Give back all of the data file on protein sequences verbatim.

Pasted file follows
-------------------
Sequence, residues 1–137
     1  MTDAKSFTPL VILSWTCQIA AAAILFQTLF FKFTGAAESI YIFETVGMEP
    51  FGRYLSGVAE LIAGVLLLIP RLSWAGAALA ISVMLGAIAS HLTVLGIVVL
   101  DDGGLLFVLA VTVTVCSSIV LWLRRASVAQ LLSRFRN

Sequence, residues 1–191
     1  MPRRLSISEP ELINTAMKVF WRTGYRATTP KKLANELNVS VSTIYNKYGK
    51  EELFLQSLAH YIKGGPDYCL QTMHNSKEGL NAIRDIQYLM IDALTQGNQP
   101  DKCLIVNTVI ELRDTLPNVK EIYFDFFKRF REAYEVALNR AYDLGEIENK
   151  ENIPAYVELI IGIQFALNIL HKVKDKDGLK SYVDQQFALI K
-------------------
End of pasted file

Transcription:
Sequence, residues 1–137
     1  MTDAKSFTPL VILSWTCQIA AAAILFQTLF FKFTGAAESI YIFETVGMEP
    51  FGRYLSGVAE LIAGVLLLIP RLSWAGAALA ISVMLGAIAS HLTVLGIVVL
   101  DDGGLLFVLA VTVTVCSSIV LWLRRASVAQ LLSRFRN

Sequence, residues 1–191
     1  MPRRLSISEP ELINTAMKVF WRTGYRATTP KKLANELNVS VSTIYNKYGK
    51  EELFLQSLAH YIKGGPDYCL QTMHNSKEGL NAIRDIQYLM IDALTQGNQP
   101  DKCLIVNTVI ELRDTLPNVK EIYFDFFKRF REAYEVALNR AYDLGEIENK
   151  ENIPAYVELI IGIQFALNIL HKVKDKDGLK SYVDQQFALI K